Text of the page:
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Adv Pediatr Infect Dis. 1999;14:191-218.

Infections and immunizations of children with sickle cell disease.

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1
University of New Mexico, Albuquerque, USA.

Abstract

Children with SCD are prone to invasive infections caused by S. pneumoniae and H. influenzae. Osteomyelitis is caused most often by Salmonella species and less often by S. aureus. The chest syndrome and its associated microvascular disease carry a risk of prolonged and severe infections for Mycoplasma, Chlamydia, and probably other lower respiratory pathogens, particularly in the group of children with SCD prone to pain or microvascular sequestration, such as those with SC hemoglobinopathy. Despite three decades of investigation, the immunopathologic mechanisms leading to these increased risks is not completely clear. Bone infarction and microvascular disease probably play a part in the predisposition to osteomyelitis. Dysfunctional IgG and IgM antibody response, a lack of splenic clearance, defects in alternative pathway fixation of complement, and opsonophagocytic dysfunction play a role in the predisposition to invasive infection from polysaccharide-encapsulated organisms. Immunization with the conjugate Haemophilus vaccines has largely controlled infections caused by this pathogen. Early recognition of SCD through neonatal screening allows early and vigorous antibiotic management of febrile episodes in children with SCD and has perhaps provided the greatest benefit. Treatment of acute febrile episodes should include antibiotics active against regional strains of S. pneumoniae and H. influenzae, whereas treatment of febrile lower respiratory infections should include macrolide antibiotics that are active against Chlamydia and Mycoplasma, as well as pneumococci and Haemophilus. To date, no convincing evidence exists for the efficacy of pneumococcal polysaccharide vaccines in children with SCD, but preliminary data with the conjugate pneumococcal vaccines in normal children and those with SCD suggest that they may be as successful as Haemophilus vaccines in controlling this infection once they are available. Prophylaxis with daily penicillin administration is recommended and is well founded on clinical trials. However, problems with pneumococcal penicillin resistance and the association of failure with a lack of compliance to antibiotic regimens will dictate continued reexamination of this modality for the prevention of pneumococcal infections.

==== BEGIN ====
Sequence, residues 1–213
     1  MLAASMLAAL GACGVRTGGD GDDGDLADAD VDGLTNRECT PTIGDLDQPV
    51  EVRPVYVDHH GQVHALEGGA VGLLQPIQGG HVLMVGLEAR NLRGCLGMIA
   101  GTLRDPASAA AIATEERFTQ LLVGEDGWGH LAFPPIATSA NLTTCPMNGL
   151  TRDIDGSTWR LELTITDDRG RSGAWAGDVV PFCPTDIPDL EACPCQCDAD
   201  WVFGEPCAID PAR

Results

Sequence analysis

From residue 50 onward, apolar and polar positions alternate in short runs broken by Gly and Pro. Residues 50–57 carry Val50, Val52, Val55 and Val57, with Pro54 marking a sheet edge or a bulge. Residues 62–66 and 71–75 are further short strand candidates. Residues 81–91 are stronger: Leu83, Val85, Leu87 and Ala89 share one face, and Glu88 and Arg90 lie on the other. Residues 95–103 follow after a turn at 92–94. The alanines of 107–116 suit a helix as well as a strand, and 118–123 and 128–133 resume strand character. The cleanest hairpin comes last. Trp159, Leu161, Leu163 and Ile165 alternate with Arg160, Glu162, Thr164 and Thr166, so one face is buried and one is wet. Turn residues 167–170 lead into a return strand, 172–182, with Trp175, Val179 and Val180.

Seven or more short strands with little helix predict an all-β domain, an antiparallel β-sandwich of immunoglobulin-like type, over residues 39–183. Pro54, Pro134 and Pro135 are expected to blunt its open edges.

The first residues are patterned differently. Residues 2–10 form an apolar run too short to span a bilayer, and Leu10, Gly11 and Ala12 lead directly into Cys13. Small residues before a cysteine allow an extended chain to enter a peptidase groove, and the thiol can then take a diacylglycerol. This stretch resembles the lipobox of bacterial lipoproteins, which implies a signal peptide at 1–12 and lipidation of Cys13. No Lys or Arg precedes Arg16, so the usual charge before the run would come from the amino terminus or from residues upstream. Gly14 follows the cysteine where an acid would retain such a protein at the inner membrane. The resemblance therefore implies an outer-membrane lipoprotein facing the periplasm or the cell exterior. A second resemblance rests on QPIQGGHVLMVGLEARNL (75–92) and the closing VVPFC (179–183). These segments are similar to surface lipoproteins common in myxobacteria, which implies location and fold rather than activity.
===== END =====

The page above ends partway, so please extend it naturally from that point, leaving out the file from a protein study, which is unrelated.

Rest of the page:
PMID:
10079855
[Indexed for MEDLINE]
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